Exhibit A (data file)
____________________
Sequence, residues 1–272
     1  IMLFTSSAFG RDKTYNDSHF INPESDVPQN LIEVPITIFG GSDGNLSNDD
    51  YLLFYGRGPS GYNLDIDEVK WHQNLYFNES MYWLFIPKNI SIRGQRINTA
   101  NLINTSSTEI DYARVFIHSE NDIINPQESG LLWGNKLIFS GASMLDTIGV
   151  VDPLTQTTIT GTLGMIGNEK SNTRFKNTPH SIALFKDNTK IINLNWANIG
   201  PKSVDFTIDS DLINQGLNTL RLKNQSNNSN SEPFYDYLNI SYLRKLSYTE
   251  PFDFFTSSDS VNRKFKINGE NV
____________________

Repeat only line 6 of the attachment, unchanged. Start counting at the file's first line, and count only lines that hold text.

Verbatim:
   201  PKSVDFTIDS DLINQGLNTL RLKNQSNNSN SEPFYDYLNI SYLRKLSYTE